As a first step, it was important to find out what was already available. A search on the internet revealed numerous examples of rubberband powered cars. I chose one of these designs to build in order to ascertain what was involved in the process, identify limitations and other issues.
The design chosen came from the following internet site: http://pbskids.org/designsquad/projects/rubber_band_car.htm
It was a simple two wheel design that could be put together in about 20 minutes using materials lying around my house. I also thought this design would highlight many issues to consider because of its simplicity.
Although I improvised with materials and took some liberties as to how it was put together, the principles of the overall design are consistent with that specified on the website. The picture below shows the final build.
The axel is a thin wooden skewer. The wheels are CDs. The CD holes are too wide for the axels so I placed duct tape on one side of the CD and dropped a small washer onto the tape from the other side. The CDs and axel are held together with â€œbultakâ€ . The rubberband is held using electrical wire holders (not sure what they are called but I have a lot of these). This also gives me flexibility to try different rubberbands and test with more than one.
Momentum is achieved by winding the wheels (and hence the rubberband) and releasing the vehicle.
Seven windings appears to be optimal for this model. If you wind the rubberband any tighter, too much energy is released at the start and this flips the vehicle. Seven windings results in a distance of 2.6m.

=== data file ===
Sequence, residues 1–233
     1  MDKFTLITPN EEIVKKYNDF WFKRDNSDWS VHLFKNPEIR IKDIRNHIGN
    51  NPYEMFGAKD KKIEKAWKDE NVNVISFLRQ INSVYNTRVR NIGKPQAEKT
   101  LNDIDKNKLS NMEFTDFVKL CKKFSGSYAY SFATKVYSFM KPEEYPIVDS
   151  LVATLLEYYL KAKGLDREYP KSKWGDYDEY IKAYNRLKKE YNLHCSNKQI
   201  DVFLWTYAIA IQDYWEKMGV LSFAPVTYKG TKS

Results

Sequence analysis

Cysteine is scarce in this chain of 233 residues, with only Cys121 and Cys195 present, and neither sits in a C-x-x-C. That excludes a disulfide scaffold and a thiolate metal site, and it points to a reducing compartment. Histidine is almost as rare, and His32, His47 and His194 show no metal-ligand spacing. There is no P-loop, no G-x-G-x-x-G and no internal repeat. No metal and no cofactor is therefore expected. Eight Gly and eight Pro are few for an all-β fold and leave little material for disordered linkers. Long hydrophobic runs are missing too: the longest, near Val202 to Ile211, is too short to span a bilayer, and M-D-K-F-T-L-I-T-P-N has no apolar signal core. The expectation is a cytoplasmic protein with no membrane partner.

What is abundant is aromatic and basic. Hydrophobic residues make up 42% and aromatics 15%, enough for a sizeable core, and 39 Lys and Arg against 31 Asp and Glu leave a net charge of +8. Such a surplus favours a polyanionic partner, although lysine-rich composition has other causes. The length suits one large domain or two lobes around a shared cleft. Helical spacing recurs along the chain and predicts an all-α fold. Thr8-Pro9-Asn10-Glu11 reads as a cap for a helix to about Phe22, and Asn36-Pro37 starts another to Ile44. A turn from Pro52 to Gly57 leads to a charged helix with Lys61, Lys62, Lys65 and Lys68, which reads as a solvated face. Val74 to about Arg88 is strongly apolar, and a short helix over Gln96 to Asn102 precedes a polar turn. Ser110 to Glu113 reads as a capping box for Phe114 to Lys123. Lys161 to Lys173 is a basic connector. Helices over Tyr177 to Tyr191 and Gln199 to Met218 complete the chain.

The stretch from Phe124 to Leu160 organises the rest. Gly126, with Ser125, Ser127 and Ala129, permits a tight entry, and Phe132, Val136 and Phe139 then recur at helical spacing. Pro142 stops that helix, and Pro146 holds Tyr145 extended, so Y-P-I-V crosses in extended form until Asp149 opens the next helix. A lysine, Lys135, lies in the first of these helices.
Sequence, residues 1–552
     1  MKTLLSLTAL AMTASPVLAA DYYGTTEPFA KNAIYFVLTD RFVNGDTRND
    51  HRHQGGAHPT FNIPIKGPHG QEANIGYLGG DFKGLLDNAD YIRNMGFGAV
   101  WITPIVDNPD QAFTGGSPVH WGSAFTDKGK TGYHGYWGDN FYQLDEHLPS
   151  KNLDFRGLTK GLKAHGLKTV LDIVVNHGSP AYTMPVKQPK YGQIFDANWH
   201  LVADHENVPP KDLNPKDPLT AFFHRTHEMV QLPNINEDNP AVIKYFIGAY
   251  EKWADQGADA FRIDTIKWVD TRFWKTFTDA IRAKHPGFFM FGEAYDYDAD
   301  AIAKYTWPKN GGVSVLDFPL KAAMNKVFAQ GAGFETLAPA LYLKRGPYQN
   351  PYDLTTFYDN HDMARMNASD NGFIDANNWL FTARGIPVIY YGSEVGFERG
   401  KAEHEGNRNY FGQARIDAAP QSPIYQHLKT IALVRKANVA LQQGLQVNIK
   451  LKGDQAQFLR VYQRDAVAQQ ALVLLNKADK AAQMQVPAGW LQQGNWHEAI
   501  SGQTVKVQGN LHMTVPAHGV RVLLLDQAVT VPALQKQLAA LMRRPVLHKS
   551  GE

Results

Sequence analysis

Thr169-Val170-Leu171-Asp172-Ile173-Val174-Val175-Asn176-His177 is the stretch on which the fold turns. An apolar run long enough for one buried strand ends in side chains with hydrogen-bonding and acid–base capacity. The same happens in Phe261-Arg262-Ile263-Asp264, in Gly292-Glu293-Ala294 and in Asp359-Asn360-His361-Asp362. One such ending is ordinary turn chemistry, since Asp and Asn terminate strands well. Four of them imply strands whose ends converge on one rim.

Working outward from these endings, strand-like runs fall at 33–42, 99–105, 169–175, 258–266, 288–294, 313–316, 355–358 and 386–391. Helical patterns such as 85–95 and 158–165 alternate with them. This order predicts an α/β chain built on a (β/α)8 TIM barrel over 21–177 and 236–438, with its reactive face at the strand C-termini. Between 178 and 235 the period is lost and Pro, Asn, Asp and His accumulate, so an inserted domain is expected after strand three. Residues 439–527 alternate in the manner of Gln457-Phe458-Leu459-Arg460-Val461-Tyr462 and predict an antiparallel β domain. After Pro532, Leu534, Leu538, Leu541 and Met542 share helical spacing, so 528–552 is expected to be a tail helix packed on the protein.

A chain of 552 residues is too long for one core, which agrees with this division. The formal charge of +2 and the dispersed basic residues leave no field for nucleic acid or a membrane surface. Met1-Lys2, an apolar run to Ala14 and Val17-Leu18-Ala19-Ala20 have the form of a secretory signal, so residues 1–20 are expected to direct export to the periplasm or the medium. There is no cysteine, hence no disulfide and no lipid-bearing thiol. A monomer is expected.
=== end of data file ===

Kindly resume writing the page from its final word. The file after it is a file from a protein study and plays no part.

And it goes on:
Does adding a second rubberband equivalent to the first increase distance and acceleration? The answer is no and yes. In fact, adding a second rubberband and winding in the same way as for one rubberband (ie. seven times) acts in the same way as making too many windings. Too much energy is released at the start thereby flipping the vehicle. If you halve the number of windings to compensate, the travel is more stable but the distance achieved is only about 1m.
I thought further distance could be achieved if the front of the vehicle was raised off the ground thereby reducing drag. So I added two washers as front wheels (hence the skewer at the front in the picture). However, the extra weight (albeit only 24 grams) was sufficient to counteract the force in the rubberband and prevent the vehicle from moving.
I added a second rubberband to compensate for the extra weight. However, even with seven windings, the vehicle was sluggish and barely achieved half a meter.
With the single rubberband in place, I tested it out on a small ramp. As expected, the ramp acts in the same way as the additional weight and stops the vehicle dead in its track.
Choice of rubberband is an important factor. Not all rubberbands are made the same. Some stretch a long and promise distance. However, in practice, the weight of the test vehicle alone was sufficient to prevent the release of the potential energy. Others may not stretch much but promise great acceleration at the start; in practice too much for my test model. Getting the balance between weight (including ramp) and elasticity is going to be tricky. Something that works well on the flat may not have enough power to overcome a ramp. Something capable of overcoming a ramp may have too much power on the flat.
In addition, if our models have to carry weight, ie. the remote, a single rubberband is unlikely to be enough. My test vehicle performed poorly with a single rubberband (even with two) with additional weight of just 24 grams. A remote is likely to be between 120 â€“ 150 grams. This is a significant challenge even with more sophisticated designs.
What we need to do is test the rubberbands to determine how much force they exert; in particular, whether they are capable of greater force than the weight force. If not, the weight force will prevent our models from moving.
Continue to Choice of Materials
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